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July 2014

Investigation underway in Diboll roof collapse

The last prisoner who was still hospitalized after suffering an injury in a roof collapse at the Diboll Correctional Center was expected to be released on Wednsday, July 23.

The Diboll Correctional Center was the site of a ceiling collapse Saturday, July 20, 2014.
The Diboll Correctional Center was the site of a ceiling collapse Saturday, July 20, 2014.
The facility, south of Lufkin, is owned by the Management and Training Corporation. 

The roof collaposed at the Diboll Correctional Center on Saturday, July 19 just as prisoners and others were preparing for visitation. The Houston Chronicle reports that a team of engineers and investigators with the Texas Department of Criminal Justice visited the prison on Monday, July 21.

Since the damaged housing unit is not livable, the prisoners normally housed there were transferred to another facility Saturday and will remain there until the damage has been repaired, according to a statement released to the Chronicle. 

Warden David Driskell said he does not want to speculate on what caused the roof to collapse before the TDCJ completes the investigation.

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Family detention will return to Texas at the Karnes Detention Center, southeast of San Antonio

Family detention will return to Texas with the announcement that the Karnes County Civil Detention Center will be used to detain families and children who are seeking refuge at the U.S.-Mexico border. 

The Houston Chronicle reports that ICE spokesman Carl Rusnok said the agency plans to start housing women and children at the center as soon as August.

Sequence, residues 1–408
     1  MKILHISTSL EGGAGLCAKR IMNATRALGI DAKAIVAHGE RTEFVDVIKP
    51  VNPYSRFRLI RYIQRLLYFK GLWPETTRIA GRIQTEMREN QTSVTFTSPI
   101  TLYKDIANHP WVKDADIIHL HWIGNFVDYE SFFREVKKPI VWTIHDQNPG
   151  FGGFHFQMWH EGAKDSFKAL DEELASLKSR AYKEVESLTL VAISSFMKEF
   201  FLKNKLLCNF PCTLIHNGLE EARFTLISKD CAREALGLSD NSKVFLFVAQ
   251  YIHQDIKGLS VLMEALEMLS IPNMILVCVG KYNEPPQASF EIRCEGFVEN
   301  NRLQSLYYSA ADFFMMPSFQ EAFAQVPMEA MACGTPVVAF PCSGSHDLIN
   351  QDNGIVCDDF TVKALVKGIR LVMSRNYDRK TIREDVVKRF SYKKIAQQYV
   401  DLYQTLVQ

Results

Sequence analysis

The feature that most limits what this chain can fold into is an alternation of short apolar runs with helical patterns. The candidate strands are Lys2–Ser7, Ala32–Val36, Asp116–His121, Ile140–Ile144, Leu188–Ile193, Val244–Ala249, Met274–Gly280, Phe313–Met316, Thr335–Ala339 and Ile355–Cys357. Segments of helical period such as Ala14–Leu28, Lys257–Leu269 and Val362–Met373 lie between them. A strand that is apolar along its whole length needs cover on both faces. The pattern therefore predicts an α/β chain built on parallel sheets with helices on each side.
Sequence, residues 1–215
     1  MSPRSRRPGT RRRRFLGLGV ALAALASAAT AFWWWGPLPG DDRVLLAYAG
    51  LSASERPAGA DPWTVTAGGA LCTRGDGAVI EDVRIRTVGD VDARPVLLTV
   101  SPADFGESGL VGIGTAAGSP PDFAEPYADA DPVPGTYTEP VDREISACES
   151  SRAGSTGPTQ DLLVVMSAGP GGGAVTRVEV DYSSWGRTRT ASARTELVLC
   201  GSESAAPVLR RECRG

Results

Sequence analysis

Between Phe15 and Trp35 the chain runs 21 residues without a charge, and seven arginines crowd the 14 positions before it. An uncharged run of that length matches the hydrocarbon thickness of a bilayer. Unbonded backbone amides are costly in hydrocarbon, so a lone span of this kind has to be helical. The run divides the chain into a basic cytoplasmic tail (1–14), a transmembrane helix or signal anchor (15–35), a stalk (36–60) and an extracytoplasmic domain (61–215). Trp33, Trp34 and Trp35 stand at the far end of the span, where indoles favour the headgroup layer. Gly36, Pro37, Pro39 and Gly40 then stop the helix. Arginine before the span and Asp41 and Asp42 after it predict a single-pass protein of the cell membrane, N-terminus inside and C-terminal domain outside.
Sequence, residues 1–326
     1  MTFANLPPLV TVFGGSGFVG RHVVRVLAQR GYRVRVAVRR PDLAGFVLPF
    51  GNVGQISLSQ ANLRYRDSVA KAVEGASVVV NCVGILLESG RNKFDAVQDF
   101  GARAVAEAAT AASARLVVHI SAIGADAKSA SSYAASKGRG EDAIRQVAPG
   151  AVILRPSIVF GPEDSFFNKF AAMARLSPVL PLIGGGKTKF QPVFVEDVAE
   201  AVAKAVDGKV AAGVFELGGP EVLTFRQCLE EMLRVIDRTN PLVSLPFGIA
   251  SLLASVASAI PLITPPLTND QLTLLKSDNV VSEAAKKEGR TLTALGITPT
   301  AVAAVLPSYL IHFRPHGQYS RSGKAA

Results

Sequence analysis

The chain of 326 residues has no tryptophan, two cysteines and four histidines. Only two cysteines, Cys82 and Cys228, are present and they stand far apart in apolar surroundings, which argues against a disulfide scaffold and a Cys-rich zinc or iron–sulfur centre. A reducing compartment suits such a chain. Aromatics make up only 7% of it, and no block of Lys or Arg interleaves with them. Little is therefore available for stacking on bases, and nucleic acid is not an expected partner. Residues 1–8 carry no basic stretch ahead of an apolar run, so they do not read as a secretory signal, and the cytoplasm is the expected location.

The colorful facade of the Karnes Council Civil Detention Center.
The colorful facade of the Karnes Council Civil Detention Center.
Linda Brandmiller, a San Antonio immigration attorney, told the Houston Chronicle that Karnes as a "detention center with a smiley face. From the outside, it looks like a high school. It doesn't have the same prison-like exterior that most detention facilities have.

"But make no mistake, it is a prison."

Grassroots Leadership denounced the plans in a statement that reads in part:

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Rep. Henry Cuellar, beneficiary of GEO Group contributions, wants border children deported ASAP

Democratic U.S. Rep. Henry Cuellar drew a rebuke from his colleagues in the Congressional Hispanic Caucus for proposing legislation that would make it easier to deport Central American children who are turning themselves in at the southern border. 

Rep. Henry Cuellar has been under fire for proposals to deport children faster and collecting private prison contributions.
Rep. Henry Cuellar has been under fire for proposals to deport children faster and collecting private prison contributions.
Rep. Cuellar, along with Sen. John Cornyn (R-Texas),  proposed legislation to allow unaccompanied migrant children from Central America to leave the U.S. voluntarily rather than go through mandated legal processes — a "voluntary removal" system that is the current standard for children from Mexico and Canada. 

The two Texas lawmakers call it the "Humane Act" and it changes a 2008 law, the William Wilberforce Trafficking Victims Protection and Reauthorization Act, or TVPRA,  to make it easier to deport these children faster, who are mostly from Honduras, Guatemala and El Salvador.